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Wednesday, February 13, 2013

R.I.P by Mukul Deva


I am a day late in posting the review. I had received a free review copy from blogadda and was supposed to post the review within 7 days. Well, I had planned to post is yesterday but, sometimes life has something else in store for you. Well, as the saying goes better late than ever. RIP by Mukul Deva is a fast paced political thriller with elements of love and parenthood in it. As you read it, you realize that the author had drawn inspiration from India's present political, social and economic scenario. Here is the blurb from the book cover.

R.I.P. The Resurgent Indian Patriots. Self- appointed guardians of a nation seething with anger at the endless scams and scandals rocking its very foundation. Vigilantes who vow to stop corrupt politicians and colluding civil servants. Even if it means killing them. Colonel Krishna Athawale and his team of Special Forces officers rally to protect the country from the enemy within. They call themselves the K-Team. And no one is safe from their deadly intent. Hellbent on stopping them is Raghav Bhagat, rogue para commando, gun for hire and Krishna's bete noir. Caught in the crossfire is Vinod Bedi, Special Director CBI. Reena Bhagat, a glamorous news anchor, embittered by her husband's betrayal. And two young boys, Sachin and Azaan, torn apart by the loss of a parent. It doesn't get bigger.

K team has taken it in their hands to resolve the issues facing the nation. For that they carry out meticulously planned assassination of prominent people in power who are corrupt and are splurging common's man money on themselves. This is done to warn the government that unless they change their attitude, things are going to get real dirty.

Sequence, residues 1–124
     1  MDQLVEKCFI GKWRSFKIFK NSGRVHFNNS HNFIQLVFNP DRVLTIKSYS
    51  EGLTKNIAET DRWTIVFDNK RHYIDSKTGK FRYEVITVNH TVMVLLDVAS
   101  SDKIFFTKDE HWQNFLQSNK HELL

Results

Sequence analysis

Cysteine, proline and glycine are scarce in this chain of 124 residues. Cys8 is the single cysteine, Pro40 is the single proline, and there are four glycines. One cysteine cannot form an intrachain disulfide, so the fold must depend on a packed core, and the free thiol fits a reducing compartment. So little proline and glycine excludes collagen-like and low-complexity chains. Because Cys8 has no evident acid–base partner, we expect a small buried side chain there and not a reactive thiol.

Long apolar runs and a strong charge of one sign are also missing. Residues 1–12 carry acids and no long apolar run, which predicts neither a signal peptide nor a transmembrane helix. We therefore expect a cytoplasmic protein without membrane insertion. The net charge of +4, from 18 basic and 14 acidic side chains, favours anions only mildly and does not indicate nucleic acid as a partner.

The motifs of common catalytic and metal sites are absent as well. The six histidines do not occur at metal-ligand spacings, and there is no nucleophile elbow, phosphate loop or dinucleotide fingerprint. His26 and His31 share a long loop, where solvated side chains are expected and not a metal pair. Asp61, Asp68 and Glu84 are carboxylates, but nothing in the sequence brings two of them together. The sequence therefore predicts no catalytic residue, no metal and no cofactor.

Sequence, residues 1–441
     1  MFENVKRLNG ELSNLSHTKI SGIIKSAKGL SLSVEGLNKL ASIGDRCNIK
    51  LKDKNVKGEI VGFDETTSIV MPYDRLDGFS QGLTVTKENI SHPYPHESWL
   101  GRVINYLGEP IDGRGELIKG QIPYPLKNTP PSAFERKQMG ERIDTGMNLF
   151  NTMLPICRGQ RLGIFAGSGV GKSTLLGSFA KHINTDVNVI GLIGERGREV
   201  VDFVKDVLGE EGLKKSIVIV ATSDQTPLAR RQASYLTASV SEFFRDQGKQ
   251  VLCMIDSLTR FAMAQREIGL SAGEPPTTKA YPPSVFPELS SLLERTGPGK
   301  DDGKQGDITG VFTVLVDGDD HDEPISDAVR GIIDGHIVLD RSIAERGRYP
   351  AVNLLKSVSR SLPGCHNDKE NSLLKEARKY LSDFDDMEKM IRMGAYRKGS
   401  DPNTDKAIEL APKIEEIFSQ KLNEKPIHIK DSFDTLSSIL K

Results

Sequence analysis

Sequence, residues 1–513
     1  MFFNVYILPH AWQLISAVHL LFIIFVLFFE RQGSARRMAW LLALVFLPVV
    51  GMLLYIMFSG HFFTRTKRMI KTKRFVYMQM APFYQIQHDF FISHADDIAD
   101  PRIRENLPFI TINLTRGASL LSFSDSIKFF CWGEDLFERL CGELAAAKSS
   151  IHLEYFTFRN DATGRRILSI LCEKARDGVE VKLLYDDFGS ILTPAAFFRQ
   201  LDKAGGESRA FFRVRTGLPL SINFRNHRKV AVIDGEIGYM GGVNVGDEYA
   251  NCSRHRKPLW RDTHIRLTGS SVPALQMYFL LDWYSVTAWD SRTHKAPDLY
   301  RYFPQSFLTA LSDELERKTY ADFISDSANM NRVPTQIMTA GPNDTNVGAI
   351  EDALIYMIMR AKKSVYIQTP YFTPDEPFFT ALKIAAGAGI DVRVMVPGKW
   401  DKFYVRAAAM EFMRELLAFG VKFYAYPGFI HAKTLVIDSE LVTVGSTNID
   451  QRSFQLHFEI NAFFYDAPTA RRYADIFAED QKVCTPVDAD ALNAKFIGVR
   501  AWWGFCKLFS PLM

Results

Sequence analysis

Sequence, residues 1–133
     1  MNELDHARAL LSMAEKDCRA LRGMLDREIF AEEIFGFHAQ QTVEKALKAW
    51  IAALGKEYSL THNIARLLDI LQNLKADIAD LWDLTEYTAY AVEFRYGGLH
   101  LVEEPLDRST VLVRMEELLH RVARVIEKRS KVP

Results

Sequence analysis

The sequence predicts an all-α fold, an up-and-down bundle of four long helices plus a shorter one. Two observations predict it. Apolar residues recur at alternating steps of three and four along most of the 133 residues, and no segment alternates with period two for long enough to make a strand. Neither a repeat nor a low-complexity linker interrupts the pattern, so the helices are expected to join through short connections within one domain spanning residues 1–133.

The narration is fast and crisp and keeps you engaged pretty well. Explanation or various methods and techniques for assassination are provided where deemed necessary. As I read the novel it reminded me of Rang De Basanti and A Wednesday. These two acclaimed movies shows how common man fed up with corrupt politicians take it in their own hands to clean the system. While the movie had strong characters that were etched into your mind, RIP lacks that. I felt the author could have worked a bit more on the characters to make them more relatable. The passion to save the country which the characters felt didn't reflect in the writing.

 RIP has the elements of a masala Bollywood thriller. I would not be surprised if it adapted into one in times to come. Having said that, I should also mention that towards the end of the novel I could predict what is going to happen. Guess, I have seen too many Bollywood movies. Political thriller is not really a genre I read much. So, it was a welcome change for me. If you are looking for a quick read, surly give it a try. I will give it a generous 3/5.


This review is a part of the biggest Book Reviews Program. for Indian Bloggers. Participate now to get free books! Thank you Blog adda for giving me the opportunity.



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Tuesday, February 12, 2013

The Seeds Of War by Ashok K. Banker

Indian mythology or mythological fiction caught my fancy ever since I read a few books in this genre after a few recommendations from a blogger friend. Ashok Banker is a prominent name when it comes to Indian mythology. I have read a few books of the Ramayana series by the author and I thoroughly enjoyed them. That is why when I got an opportunity to review the author's book 'The Seeds of War', I literally jumped at the opportunity. This is the 2nd book of his Mahabharata series, the first one being 'The Forest of Stories'. I haven't read the first book but, I am going to get myself a copy soon. I generally read the books in a series in its chronological order but, here I let go the rule as I am somewhat familiar with the epic.